It is possible that the caption in front of the wooden staff applies to the captive immediately to the right. But I doubt it. The more likely referent is our bailiff, who was called: t’u-bu a-AJAW-WINIK-ki ba-TE’, t’ub ajaw winik bate’. Admittedly, the final TE’ fails to include the small superfix that usually appears with TE’. Yet I cannot imagine what other value it could have in this setting. In fact, the sign accords nicely with the TE’ icons to be seen in objects of wood, such as the canoes depicted on bones from Tikal Burial 116, and with a clear analogue, K’UK’-NAB-TE’ (with this form), as part of a name on Panel 3 at Piedras Negras. The reading also fits with a group of titles that link ba or BAAH, “head,” with objects related to war and objects at court. Bonampak alone has people, all non-royals, called ba-to-k’a, ba took’, “head flint” (the figure slicing at captive’s hands in Room 2, in a title also at Tonina), ba-pa-ka-la, ba pakal, “head shield,” for a “warrior,” and more courtly figures who appear to be called, ba-TZ’AM?-ma, ba tz’am, “head throne.” (Incidentally, some of us have suspected that the supposed po syllable in these spellings is a logogram. Dave has considered TZ’AM as a good bet, following a reading once proposed by Marc Zender, in part because of a substitution on a molded text in the Dieseldorff collection in the National Museum in Guatemala City. I’m sure he’s right.) There is a still a chance that the spellings are more than metonyms—namely, things that stand for larger wholes, such as “sweat” for “labor.” The spellings could embed an assimilated agentive a, so that ba-to-k’a > ba [a] took’, “head person of the flint.” The only reason to doubt this view is the presence, at Bonampak, of a ba-hi, which reduces the chances of an assimilated agentive.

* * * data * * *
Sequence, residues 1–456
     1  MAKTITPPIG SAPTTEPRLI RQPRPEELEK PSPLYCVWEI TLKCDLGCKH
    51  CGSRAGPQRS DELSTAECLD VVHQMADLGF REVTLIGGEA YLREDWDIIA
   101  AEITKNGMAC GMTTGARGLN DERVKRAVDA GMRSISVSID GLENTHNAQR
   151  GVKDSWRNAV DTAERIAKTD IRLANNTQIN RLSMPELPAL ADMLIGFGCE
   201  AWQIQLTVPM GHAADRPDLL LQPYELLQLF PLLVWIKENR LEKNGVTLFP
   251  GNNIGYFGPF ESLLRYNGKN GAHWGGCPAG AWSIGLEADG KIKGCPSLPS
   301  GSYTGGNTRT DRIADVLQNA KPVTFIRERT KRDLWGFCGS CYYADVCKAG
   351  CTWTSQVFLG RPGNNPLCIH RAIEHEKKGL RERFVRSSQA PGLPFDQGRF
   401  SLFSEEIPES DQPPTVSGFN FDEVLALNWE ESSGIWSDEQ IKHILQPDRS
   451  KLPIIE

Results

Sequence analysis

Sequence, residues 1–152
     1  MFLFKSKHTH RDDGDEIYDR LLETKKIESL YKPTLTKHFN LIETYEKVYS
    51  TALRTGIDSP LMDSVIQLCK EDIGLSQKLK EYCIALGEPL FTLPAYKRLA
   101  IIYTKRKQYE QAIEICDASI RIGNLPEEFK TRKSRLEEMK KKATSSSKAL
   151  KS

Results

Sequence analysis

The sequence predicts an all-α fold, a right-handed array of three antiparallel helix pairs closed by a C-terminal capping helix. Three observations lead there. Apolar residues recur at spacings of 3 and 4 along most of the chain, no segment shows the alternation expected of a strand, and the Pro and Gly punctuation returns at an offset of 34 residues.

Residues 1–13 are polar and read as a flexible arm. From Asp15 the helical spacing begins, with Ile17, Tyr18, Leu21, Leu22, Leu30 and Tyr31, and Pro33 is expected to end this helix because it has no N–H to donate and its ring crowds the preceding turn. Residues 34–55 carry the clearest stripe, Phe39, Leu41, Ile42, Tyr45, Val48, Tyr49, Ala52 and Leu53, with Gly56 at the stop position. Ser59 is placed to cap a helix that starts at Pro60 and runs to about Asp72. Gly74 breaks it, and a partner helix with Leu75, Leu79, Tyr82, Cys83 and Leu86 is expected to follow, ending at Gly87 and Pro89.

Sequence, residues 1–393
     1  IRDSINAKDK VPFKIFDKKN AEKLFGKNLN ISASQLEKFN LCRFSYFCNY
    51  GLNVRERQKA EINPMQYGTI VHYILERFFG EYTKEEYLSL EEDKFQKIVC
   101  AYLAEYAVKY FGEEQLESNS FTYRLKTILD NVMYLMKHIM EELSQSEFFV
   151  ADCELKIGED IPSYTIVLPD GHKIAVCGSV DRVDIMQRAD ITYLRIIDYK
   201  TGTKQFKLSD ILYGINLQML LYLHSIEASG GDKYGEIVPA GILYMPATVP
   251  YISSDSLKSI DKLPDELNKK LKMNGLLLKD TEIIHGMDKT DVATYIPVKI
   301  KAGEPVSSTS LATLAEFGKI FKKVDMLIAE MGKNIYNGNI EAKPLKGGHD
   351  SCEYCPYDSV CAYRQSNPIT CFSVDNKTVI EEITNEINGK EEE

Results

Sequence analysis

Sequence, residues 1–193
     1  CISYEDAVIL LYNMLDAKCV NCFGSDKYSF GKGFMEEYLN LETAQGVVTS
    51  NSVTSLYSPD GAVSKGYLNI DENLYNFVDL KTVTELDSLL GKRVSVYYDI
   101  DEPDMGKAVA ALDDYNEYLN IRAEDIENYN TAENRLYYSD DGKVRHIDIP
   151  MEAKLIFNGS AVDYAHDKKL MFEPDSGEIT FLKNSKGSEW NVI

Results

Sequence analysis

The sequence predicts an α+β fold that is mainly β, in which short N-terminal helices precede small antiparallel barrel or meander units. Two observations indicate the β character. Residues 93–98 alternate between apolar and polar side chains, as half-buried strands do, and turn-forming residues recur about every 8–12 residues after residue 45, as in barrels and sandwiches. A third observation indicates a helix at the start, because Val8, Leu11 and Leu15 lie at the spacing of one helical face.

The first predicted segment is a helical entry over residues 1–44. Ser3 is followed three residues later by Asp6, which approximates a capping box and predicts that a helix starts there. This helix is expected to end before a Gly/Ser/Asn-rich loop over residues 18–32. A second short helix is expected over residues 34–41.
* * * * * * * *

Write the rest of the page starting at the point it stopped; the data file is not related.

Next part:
Houston blog figure

Piedras Negras St. 12 weighs in with the helpful ba-che-bu, ba(ah) chehb, “head quill,” first noted, I believe, by Nikolai Grube.

So, by this proposal, “head stick/wood” describes someone who wielded a stick or staff. It could have been a badge of office, an actual object for herding and abusing captives, perhaps even a role in the ballgame, either as a field position (a captain?) or as someone who played – this may be a stretch! — a stick game. These are attested in ancient America, if uncommon among the ancient Maya. Courtiers used the label, but kings too.

And, of course, bate’ had nothing to do with “axe” or related words.

3 thoughts on “A Classic Maya Bailiff?

  1. George Ryerson March 11, 2008 / 4:11 PM

    “…And, of course, bate’ had nothing to do with “axe” or related words…”

    Unless of course, the holder of said title is a curmudgeonly “Old Battle Axe”

  2. Erik Boot March 12, 2008 / 4:50 PM